sufficiently scrutinising the politics that produce
It is one thing to advocate external restraints that enhance the
quality of democratic deliberation, by preventing
short-termism or demanding transparency. It is
another matter to subvert democracy by privileging
particular interests over others.
The global capital adequacy requirements produced by the Basel
Committee, established in 1974, overwhelmingly
reflect the influence of large banks. If the
regulations were to be written by economists and
finance experts, they would be far more stringent.
Alternatively, if the rules were left to domestic political processes,
there could be more countervailing pressure from
opposing stakeholders, even if financial interests
are powerful at home.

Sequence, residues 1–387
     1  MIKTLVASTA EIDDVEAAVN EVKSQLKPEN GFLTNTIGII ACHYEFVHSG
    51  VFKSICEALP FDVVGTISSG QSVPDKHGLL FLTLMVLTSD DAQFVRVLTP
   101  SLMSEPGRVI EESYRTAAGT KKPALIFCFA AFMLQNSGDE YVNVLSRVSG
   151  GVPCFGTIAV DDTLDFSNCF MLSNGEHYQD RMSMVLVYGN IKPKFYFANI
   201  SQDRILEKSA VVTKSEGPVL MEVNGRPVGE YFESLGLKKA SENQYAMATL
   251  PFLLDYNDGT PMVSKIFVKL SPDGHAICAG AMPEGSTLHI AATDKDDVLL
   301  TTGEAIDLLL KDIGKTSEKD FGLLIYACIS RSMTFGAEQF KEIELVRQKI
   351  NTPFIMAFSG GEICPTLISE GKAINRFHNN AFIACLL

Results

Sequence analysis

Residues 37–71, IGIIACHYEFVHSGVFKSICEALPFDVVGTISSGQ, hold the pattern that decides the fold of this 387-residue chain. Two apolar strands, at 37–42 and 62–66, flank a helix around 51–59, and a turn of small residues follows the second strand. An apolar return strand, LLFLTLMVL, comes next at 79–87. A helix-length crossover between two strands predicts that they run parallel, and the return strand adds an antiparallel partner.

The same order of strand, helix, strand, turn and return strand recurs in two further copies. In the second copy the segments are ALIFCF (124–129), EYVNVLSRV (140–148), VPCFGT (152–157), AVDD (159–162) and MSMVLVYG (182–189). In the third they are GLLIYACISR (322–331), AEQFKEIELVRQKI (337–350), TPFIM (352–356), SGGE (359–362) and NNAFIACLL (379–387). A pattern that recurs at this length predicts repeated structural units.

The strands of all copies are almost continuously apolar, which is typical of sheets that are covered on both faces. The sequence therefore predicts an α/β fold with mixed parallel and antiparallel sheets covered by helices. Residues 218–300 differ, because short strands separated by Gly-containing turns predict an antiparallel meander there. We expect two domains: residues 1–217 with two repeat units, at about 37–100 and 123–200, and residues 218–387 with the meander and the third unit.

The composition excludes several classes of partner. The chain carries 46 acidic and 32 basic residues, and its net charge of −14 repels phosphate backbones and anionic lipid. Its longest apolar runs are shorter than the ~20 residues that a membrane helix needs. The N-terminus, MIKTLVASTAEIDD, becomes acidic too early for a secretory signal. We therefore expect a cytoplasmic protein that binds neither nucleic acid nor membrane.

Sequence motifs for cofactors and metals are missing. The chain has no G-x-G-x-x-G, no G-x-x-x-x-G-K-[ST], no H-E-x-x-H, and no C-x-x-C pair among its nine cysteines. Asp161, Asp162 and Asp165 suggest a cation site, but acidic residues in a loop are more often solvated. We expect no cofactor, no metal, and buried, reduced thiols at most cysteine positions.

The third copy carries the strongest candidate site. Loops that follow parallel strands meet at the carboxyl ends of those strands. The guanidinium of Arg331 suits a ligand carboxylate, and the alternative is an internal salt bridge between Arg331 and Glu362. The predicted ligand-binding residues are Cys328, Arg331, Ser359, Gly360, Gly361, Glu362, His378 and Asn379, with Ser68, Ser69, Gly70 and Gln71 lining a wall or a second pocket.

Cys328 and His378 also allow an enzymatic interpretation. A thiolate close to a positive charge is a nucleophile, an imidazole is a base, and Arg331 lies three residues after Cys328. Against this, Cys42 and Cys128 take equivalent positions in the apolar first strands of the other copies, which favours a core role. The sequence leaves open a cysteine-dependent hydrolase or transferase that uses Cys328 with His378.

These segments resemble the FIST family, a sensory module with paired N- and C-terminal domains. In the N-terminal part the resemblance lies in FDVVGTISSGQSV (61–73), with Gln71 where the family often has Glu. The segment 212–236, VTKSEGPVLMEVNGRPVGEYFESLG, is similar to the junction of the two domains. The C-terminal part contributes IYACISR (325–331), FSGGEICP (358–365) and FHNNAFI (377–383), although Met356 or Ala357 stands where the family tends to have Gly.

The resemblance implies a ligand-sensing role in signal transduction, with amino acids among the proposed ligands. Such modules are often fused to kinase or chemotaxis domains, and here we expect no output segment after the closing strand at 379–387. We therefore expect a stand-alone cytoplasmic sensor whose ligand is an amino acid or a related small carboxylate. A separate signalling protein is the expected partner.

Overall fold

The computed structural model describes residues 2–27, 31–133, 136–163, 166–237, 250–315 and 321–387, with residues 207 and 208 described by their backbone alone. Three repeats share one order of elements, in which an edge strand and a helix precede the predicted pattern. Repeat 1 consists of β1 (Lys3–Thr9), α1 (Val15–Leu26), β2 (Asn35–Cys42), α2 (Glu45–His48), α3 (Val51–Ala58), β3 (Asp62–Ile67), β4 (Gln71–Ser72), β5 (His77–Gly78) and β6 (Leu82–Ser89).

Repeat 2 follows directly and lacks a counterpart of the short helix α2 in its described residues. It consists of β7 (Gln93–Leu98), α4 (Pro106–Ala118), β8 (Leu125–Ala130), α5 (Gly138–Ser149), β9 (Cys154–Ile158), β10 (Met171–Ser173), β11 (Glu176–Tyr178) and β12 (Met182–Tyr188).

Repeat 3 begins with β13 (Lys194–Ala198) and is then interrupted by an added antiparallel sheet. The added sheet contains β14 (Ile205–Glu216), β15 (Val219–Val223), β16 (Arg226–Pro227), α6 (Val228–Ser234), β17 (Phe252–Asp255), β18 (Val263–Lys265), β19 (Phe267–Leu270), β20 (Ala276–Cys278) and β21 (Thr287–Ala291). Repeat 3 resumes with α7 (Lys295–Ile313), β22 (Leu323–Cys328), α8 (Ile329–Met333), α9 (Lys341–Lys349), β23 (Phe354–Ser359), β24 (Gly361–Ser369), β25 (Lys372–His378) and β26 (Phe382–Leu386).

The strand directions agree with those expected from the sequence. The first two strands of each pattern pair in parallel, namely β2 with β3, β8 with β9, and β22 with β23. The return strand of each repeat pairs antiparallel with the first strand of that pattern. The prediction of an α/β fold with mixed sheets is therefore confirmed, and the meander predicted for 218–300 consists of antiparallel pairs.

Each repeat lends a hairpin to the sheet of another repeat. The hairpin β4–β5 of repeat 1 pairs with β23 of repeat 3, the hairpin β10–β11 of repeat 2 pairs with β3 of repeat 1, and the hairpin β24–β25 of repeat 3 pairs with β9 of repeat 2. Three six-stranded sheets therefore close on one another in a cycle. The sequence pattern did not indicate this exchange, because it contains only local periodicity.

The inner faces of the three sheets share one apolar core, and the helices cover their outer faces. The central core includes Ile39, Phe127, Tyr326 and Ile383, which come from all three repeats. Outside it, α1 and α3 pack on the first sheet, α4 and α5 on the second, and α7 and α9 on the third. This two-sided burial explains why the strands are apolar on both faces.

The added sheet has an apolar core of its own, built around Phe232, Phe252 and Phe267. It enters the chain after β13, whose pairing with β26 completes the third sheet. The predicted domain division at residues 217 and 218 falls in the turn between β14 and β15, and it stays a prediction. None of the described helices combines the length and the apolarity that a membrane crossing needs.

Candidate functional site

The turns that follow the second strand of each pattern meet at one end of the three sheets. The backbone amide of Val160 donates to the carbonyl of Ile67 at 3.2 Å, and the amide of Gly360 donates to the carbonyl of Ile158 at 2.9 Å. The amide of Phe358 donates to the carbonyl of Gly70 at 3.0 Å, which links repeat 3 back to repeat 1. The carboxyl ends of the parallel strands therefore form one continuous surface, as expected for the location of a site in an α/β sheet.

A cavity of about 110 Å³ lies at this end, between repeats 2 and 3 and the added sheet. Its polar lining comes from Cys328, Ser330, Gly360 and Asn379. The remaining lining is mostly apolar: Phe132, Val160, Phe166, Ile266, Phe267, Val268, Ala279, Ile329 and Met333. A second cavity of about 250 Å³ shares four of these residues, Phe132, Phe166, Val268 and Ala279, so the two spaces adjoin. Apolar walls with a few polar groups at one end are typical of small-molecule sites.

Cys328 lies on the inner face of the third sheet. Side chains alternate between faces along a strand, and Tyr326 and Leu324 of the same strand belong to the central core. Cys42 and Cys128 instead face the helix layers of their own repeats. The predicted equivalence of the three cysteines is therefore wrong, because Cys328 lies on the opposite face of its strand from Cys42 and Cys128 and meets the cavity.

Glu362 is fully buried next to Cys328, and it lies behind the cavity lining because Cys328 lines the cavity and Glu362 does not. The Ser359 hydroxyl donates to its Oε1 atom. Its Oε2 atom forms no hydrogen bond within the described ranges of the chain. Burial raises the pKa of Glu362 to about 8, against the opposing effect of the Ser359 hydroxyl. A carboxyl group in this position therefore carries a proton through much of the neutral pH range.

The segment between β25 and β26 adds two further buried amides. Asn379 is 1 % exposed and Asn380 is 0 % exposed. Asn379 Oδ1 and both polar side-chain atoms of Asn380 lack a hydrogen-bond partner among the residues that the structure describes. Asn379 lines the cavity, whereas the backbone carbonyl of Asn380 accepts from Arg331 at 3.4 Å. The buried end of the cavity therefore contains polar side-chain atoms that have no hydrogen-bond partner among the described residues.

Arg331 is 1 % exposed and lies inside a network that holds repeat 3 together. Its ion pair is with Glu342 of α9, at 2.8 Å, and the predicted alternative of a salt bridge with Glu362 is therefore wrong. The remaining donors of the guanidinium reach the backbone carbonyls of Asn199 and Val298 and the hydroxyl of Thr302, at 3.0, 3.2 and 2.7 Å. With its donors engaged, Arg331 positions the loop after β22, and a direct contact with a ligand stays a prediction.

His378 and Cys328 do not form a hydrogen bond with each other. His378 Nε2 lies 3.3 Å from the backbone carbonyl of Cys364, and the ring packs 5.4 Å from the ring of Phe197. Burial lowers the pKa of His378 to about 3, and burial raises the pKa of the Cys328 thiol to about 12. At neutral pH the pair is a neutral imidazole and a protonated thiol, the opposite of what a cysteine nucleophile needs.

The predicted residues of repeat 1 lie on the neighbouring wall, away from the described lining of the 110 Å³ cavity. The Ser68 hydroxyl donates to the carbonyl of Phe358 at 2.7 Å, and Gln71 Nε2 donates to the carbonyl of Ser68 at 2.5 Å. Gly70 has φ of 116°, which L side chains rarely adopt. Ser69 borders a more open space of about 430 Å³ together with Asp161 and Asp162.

Despite the rhetoric, many World Trade Organisation (WTO) agreements
are the result not of the pursuit of global economic
wellbeing but the lobbying power of multinationals
seeking profit making opportunities.
International rules on patents and copyright reflect the ability of
pharmaceutical companies and Hollywood, to name two
examples, to have their way. These rules are widely
derided by economists for imposing inappropriate
constraints on the ability of developing economies
to access cheap pharmaceuticals or technological
The choice between democratic discretion at home and external restraint
is not always a choice between good and bad
policies. Even when the domestic political process
works poorly, there is no guarantee that global
institutions will work any better. Often, the choice
is between yielding to domestic rent seekers or to
foreign ones; in the case of the former, at least
the rents remain at home.
Who becomes empowered to make the rules required by markets?
The unavoidable reality of the global economy is that the principal
focus of legitimate democratic accountability still
resides within the nation state.
I readily plead guilty to the critic’s charge: I want to make the world
safe for democratic politicians. Frankly, I wonder
about those who do not.